Fight to save Brandenburg leader

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The Independent Online
POTSDAM - Eastern Germany's leading Social Democrats argued passionately yesterday against suggestions that a regional prime minster, accused of close contacts with the Stasi, should resign, writes Steve Crawshaw.

In an interview with the Independent Wolfgang Thierse, a deputy leader of the Social Democrats (SPD), said that 'guilt must first be proved'. He described as 'laughable' calls for the resignation of Manfred Stolpe, embattled SPD prime minister of the east German state of Brandenburg.

Mr Stolpe, who formerly played a leading role in the Church opposition, now heads a minority government in Brandenburg, following the collapse of the ruling coalition on Tuesday night, as a result of accusations against him.

Recent newspaper reports suggested that Mr Stolpe received a medal in 1978 for services to the East German state, at a Stasi safe-house. Mr Stolpe has repeatedly insisted that he received the medal elsewhere, and did not know that it came from the Stasi, the East German secret police. He now stands accused of lying to an investigative committee, with regard to his Stasi links.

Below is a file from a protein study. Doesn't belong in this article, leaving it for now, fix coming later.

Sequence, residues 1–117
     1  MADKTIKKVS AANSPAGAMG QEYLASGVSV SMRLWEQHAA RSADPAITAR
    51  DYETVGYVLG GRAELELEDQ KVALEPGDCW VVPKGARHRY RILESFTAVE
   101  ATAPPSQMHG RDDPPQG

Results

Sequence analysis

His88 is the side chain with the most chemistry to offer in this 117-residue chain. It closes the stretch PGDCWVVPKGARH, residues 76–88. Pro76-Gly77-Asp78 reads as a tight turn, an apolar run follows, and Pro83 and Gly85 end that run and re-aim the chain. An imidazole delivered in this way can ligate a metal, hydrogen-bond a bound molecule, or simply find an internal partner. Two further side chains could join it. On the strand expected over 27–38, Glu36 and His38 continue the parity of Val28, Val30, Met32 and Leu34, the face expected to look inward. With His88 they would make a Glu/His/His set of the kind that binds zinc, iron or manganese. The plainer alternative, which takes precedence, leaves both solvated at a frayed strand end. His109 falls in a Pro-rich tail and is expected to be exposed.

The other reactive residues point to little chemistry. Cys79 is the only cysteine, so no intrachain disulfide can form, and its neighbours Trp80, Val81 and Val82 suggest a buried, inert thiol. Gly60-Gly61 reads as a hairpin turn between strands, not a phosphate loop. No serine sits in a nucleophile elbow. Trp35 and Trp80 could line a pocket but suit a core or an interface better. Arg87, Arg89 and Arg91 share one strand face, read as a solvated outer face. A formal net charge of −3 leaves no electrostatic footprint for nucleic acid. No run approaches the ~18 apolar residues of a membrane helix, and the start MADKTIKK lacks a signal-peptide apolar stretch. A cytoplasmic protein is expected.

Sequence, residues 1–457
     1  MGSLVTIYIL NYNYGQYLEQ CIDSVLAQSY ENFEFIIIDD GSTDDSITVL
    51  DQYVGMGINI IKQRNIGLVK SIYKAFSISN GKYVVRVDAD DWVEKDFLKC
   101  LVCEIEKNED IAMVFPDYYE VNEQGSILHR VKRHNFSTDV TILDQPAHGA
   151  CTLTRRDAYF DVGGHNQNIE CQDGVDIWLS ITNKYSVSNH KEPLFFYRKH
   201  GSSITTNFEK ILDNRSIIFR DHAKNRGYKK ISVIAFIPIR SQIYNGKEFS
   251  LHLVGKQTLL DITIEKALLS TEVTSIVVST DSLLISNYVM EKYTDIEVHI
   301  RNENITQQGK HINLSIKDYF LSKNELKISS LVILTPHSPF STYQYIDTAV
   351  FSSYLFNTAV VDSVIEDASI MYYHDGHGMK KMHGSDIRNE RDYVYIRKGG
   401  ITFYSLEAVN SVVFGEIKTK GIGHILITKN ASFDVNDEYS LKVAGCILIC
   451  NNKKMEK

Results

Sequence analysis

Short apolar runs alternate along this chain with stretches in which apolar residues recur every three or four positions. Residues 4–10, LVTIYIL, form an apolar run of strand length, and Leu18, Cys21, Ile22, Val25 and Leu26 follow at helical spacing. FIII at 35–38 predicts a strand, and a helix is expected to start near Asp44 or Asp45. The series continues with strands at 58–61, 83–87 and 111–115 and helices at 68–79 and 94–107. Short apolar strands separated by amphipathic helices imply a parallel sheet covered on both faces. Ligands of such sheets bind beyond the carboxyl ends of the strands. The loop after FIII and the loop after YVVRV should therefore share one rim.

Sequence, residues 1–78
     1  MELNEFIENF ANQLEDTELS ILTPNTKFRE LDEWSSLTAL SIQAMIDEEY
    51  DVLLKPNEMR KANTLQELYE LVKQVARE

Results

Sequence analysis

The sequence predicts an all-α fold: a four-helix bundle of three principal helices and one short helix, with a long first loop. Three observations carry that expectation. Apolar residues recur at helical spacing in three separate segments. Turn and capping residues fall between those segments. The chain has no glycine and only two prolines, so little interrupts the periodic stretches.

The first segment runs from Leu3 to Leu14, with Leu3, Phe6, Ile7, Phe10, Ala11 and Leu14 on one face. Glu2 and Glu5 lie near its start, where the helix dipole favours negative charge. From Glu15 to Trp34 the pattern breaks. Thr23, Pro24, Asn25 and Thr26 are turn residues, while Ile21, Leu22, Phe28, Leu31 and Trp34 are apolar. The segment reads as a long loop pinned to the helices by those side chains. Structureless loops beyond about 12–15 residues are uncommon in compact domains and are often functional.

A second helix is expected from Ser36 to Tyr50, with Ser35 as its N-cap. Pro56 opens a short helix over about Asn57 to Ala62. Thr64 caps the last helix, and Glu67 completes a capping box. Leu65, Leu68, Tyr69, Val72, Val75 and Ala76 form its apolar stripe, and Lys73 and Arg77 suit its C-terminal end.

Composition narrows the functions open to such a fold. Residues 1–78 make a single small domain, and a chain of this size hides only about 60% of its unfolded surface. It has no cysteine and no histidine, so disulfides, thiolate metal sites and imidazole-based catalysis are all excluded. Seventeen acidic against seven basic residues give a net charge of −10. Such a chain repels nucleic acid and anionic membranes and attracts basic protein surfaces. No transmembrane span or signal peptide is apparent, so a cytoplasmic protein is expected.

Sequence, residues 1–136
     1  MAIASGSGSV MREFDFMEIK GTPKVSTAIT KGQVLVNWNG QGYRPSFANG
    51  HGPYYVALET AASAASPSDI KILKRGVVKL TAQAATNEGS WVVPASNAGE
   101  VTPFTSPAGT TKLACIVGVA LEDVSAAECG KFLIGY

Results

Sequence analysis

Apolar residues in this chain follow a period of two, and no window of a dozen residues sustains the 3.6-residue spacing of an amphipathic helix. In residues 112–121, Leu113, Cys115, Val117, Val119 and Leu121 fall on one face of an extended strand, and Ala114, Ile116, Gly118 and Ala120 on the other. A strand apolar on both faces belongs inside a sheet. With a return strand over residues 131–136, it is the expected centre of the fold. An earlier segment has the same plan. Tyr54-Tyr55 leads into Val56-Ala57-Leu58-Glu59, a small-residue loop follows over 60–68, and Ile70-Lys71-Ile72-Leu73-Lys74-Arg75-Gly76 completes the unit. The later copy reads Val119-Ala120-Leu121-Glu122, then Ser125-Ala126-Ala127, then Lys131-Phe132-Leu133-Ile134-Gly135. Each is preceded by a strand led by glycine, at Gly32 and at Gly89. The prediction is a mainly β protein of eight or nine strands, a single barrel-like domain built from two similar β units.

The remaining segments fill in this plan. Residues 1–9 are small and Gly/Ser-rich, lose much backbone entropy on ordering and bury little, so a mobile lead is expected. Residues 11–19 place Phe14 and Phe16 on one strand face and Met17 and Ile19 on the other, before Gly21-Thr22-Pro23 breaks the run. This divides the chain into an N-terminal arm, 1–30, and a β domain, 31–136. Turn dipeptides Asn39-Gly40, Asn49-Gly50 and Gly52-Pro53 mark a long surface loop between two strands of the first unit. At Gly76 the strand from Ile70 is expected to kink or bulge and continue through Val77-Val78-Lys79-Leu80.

The recent evidence against him includes an attendance register from the Stasi house, which states that 'Secretary' - Mr Stolpe's Stasi code-name - attended a meeting with two Stasi officers on the day in question, in November 1978.

Mr Stolpe has come to be known as the 'Teflon Man' because of his apparent ability to survive all damage to his reputation, despite embarrassing admissions in the past two years.

For some, enough is enough. Gunter Nooke, leader of the Alliance 90 parliamentary floor group, argued that Mr Stolpe had lied to the committee. This led to the formal collapse of the coalition.

Mr Stolpe has admitted having some Stasi contacts. But Mr Thierse insisted that the question was whether Mr Stolpe merely compromised, or deliberately harmed the opposition. 'The question is: did he work for the Stasi and against the Church?' There was no evidence, he said, to support such an interpretation.

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